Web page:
Jordan's King Abdullah II on Sunday suspended a fuel price rise amid rising protests over the measure, dpa reported.
According to the state news agency Petra, the king moved to suspend a government decision, made on Saturday, to raise fuel prices by 10 per cent - a measure that sparked nationwide anti-government protests.
The decision came as Jordanian lawmakers called on the king to oust Prime Minister Fayez Tarawneh for imposing the price rise, threatening to follow through on a vote of no confidence in the premier.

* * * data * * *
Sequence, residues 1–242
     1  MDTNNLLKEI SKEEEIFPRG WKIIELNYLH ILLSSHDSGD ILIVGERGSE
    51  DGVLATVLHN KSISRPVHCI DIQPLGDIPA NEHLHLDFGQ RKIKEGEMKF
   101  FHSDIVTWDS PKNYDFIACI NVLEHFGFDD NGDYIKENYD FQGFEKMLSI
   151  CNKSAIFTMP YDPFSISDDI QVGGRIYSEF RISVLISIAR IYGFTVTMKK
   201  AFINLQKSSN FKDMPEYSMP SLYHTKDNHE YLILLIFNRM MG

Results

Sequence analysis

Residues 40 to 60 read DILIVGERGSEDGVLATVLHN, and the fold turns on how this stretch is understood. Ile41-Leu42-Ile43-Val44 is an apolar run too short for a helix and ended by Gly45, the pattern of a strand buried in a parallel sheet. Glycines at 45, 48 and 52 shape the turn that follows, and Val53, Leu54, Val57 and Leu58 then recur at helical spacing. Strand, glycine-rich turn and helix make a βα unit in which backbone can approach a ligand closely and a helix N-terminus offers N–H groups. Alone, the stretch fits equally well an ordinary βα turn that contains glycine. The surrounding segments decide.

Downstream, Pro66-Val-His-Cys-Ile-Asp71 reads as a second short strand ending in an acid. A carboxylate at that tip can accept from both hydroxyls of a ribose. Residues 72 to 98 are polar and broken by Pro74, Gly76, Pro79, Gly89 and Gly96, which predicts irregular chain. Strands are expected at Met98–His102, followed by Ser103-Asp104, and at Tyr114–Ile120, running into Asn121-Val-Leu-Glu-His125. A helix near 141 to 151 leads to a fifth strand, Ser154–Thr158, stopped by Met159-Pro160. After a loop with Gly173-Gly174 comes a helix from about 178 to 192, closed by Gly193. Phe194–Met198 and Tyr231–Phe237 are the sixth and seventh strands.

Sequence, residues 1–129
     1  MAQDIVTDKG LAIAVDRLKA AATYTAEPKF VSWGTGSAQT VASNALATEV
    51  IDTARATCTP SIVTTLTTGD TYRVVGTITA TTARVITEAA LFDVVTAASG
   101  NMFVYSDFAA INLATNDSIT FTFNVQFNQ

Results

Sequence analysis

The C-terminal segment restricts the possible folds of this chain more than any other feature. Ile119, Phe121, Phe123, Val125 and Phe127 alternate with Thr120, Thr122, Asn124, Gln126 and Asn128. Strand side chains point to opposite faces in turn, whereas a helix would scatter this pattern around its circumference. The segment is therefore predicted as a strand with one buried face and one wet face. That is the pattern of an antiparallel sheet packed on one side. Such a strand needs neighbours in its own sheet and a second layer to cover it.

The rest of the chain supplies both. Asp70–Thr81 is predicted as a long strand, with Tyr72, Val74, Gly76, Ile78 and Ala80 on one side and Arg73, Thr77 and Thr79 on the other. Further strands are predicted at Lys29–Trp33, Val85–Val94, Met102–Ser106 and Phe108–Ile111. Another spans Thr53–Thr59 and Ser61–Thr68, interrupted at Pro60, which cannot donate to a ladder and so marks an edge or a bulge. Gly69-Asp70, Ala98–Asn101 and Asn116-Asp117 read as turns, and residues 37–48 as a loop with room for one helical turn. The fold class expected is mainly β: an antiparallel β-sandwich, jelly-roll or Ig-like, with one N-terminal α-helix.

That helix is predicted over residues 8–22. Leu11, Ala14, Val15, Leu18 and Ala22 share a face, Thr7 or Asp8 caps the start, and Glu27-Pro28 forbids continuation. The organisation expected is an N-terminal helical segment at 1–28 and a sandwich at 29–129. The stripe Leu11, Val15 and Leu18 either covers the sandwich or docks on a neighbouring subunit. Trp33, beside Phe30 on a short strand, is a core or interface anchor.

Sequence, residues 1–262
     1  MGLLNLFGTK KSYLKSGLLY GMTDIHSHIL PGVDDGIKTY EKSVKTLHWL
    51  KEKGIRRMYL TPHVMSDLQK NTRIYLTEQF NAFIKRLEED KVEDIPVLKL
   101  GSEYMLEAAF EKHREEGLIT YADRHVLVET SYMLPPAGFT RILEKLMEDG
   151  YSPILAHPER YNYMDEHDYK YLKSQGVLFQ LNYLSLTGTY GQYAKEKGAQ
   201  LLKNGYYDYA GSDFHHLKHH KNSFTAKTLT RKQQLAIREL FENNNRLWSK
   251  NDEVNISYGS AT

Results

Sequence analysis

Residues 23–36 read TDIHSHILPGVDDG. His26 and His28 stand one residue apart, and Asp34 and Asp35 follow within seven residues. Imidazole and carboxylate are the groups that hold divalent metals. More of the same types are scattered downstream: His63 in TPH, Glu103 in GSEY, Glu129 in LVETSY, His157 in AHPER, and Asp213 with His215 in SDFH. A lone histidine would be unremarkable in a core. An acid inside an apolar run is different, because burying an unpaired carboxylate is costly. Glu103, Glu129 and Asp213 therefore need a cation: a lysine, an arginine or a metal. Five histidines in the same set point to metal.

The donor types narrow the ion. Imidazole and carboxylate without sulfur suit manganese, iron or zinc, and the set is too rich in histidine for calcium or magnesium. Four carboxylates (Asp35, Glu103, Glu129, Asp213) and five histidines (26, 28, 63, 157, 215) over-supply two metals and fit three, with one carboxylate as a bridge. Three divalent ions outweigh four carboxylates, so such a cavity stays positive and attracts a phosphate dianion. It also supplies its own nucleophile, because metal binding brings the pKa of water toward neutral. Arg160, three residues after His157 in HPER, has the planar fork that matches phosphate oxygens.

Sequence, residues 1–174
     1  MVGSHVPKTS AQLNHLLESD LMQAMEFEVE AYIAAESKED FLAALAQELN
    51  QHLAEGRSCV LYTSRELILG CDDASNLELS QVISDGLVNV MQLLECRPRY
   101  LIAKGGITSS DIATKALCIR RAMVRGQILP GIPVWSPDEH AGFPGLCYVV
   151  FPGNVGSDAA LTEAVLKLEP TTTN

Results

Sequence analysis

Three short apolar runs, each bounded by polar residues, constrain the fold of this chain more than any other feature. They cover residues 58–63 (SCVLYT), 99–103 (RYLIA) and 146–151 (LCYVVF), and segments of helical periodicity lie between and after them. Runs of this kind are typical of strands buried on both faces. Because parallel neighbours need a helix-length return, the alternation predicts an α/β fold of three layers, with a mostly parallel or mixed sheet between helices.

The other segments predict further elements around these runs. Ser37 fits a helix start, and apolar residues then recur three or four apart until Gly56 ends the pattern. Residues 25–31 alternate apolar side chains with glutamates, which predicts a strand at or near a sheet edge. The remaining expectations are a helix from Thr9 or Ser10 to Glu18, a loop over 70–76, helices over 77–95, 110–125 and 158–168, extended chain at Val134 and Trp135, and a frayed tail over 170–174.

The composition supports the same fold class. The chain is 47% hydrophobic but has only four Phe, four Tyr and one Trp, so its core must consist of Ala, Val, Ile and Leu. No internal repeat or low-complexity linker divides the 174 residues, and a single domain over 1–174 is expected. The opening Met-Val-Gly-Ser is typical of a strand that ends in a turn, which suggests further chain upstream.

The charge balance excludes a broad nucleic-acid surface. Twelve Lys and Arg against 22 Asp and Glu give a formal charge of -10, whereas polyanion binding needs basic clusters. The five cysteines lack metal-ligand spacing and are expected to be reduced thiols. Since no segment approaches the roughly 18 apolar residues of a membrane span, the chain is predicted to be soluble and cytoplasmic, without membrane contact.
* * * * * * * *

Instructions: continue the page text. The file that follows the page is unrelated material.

Taxi drivers in the capital, Amman, had brought traffic to a halt early Sunday in protest at the price rise, while citizens in the northern city of Irbid held a sit-in to protest the move.
Thousands of Jordanians rallied in nationwide anti-government protests hours after Saturday's decision, calling for the government's resignation and accusing the Royal Palace of "condoning corruption."
Although the king retains the constitutional authority to appoint and dismiss governments, such direct interference in policy matters is extremely rare in Jordan.
A conservative former Royal Court chief, Tarawneh was tapped by Abdullah to helm the fourth government in a little over a year in April.
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